Damselflies are ubiquitous at ponds and other slow moving areas of water throughout the United States. In total, approximately 135 species that fit into four families have been identified.
Damselfly identification can be made a bit easier by remembers of few identification rules of thumb.
First, like many dragonfly species, damselflies enjoy perching in the sun. Getting pictures and video clips of them is fairly easy and a great help for identification at a later date.
The video clip shows a pair of Firetail damselflies mating.
Second, with the exception of three or four species of Shadowdamsels and Threadtails in Arizona and Texas, the bulk of damselfly species fit into three families, the broad-winged, narrow-winged and spread-winged. Based solely on the names, the shape and the position of the wings are a great way to begin the damselfly identification tasks.
Species from both of the broadwing genera can be found near ponds and slow moving creeks and waterways around the United States. The focus on Broad-winged damselflies also points to a second good damselfly identification rule of thumb, color.
For example, the Rubyspots, as shown in the top picture, consist of three species easily identified by the broad wings with a red spot on it.
Jewelwings consist of five species and are easily recognized by their green bodies and broad wigs with dark spots or hues to them.
Spreadwing damselflies (Family Lestidae) can be initially identified by their open wings while perching. The divide into two genera and about twenty species. The Lestes account for most of the species. The picture shows a Slender Spreadwing. They are common through most of the Eastern United States.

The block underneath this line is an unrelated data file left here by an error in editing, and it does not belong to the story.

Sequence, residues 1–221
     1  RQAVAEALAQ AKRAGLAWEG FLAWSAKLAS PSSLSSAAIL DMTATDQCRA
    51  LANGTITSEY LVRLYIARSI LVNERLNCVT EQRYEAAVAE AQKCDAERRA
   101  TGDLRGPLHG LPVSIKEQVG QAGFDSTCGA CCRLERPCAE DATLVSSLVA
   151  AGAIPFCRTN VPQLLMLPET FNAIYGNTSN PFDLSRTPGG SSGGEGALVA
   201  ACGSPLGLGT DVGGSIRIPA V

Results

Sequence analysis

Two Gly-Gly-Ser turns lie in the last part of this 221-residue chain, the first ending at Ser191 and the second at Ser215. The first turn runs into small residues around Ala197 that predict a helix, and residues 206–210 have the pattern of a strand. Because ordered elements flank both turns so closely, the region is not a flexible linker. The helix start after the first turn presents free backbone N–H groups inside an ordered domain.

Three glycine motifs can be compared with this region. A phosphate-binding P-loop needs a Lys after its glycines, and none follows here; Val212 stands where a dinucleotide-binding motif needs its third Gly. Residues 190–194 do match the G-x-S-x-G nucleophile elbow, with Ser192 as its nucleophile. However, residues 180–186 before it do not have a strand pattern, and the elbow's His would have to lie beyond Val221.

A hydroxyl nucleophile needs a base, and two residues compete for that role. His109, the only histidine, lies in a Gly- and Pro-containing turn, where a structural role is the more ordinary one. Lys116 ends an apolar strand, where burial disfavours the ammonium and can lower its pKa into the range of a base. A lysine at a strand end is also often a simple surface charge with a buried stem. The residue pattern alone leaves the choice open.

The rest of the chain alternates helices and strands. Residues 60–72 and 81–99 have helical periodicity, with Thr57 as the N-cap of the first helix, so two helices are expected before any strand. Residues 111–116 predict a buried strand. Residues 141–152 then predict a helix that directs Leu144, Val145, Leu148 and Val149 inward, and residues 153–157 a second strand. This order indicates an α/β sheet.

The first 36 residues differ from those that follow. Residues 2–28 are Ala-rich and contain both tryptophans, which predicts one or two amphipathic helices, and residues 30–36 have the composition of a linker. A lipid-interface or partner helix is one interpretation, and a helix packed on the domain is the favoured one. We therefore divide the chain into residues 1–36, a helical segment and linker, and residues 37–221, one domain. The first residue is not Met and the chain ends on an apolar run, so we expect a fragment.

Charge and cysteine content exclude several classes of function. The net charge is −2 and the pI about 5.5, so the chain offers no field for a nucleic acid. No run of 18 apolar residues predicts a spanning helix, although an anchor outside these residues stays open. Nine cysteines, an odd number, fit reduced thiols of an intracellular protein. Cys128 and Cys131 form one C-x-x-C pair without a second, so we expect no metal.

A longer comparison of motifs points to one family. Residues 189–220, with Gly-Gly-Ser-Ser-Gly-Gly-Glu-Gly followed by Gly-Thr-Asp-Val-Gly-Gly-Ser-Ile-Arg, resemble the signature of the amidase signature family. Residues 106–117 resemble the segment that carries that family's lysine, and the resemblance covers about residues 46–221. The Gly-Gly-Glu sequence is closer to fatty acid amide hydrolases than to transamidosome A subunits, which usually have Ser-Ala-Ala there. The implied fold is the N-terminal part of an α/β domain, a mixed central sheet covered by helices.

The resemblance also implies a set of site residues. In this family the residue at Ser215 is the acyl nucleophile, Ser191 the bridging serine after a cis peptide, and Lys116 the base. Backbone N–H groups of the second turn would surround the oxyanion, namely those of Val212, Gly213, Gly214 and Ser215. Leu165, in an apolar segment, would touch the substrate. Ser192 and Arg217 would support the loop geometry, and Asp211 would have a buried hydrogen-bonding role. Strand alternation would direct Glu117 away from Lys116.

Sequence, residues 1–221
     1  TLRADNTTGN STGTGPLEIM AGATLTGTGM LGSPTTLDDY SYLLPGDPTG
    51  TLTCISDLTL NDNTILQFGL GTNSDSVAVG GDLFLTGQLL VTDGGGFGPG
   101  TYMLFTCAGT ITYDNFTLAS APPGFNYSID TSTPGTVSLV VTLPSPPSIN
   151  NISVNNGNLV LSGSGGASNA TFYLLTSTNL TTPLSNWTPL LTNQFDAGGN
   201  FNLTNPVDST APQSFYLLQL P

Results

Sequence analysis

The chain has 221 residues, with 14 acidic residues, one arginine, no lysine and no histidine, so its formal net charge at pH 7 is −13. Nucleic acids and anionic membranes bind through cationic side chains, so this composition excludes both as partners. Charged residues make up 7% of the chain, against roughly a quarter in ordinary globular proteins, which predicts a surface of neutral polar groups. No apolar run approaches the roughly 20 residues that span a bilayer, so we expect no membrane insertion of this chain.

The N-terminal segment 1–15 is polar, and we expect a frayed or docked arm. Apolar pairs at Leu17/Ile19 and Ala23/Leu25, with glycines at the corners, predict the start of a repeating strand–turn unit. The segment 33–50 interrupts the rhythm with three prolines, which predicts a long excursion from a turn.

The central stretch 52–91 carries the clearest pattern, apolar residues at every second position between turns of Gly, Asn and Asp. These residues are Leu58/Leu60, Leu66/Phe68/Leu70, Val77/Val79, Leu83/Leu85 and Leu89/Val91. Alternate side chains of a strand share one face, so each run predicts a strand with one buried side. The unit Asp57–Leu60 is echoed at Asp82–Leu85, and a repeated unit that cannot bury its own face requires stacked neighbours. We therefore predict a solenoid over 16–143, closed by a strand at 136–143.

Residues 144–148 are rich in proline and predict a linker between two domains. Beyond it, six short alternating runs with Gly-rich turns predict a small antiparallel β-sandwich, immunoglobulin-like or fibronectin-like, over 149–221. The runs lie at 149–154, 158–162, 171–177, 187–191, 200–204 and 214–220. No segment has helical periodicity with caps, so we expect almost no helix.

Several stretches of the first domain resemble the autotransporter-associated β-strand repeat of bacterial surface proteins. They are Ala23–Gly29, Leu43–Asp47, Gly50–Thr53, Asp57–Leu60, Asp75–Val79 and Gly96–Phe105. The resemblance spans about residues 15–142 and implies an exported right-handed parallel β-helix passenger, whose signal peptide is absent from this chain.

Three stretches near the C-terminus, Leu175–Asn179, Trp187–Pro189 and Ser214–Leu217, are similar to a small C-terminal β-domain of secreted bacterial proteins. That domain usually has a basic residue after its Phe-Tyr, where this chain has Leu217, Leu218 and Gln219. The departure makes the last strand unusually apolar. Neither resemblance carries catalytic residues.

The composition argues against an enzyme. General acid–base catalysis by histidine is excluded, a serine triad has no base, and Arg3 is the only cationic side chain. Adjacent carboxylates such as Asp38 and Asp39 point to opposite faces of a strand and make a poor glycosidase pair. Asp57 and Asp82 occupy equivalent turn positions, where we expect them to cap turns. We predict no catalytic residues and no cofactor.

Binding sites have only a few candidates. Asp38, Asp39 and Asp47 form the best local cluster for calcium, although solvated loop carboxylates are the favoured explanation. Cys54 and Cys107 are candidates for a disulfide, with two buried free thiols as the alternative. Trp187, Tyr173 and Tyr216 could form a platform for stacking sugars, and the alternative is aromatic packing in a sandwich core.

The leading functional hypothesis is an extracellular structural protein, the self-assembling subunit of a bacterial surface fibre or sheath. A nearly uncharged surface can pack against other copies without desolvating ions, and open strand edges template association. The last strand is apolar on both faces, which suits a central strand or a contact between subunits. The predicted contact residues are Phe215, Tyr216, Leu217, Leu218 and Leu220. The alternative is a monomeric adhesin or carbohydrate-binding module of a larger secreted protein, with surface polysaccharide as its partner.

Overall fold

From the fairly common to the fairly rare category comes the Rainpool Spreadwing. It is a local specialty of the Lower Rio Grande Valley of Texas.
In the United States, the narrow winged damselflies, the typical damselflies seen at local ponds and backyards (Family Coenagrionidae) account for approximately 100 of the 125 identified species. When it comes to damselfly identification, the odds are very high that the typical damselfly anyone sees, fits into this family.
As a group they tend to be weak flyers. They tend to perch on low branches and leaves, making it fairly easy to take pictures of them.
Damselfly identification in the narrow-winged family gets a bit easier then because the bulk of species fit inot one of three genera:
- American Bluets (Enallagma)
- Forktails (Ischnura)
- Dancers (Argia)
Before you go, here’s a quick overview of species from three additional narrow-winged genera. The top picture of the Western Red Damsel (genus Amphiagrion) shows the basic look for both it and the Eastern Red Damsel counterpart. Often either of the two species would be the best first guess for any small red damselfly found along slow moving waters.
In the southern areas of the United States from California east to Florida a handful of Firetail species (Telebasis) also have red bodies.
Finally, the Painted Damsels (Hesperagrion heterodoxum), genera does not quite exhaust the entire set of genera within the narrow-winged damselfly family. It’s a convenient place to wrap up the category. The colorful tail and eyes, insures an easy identification in the field. They are a Southwest specialty.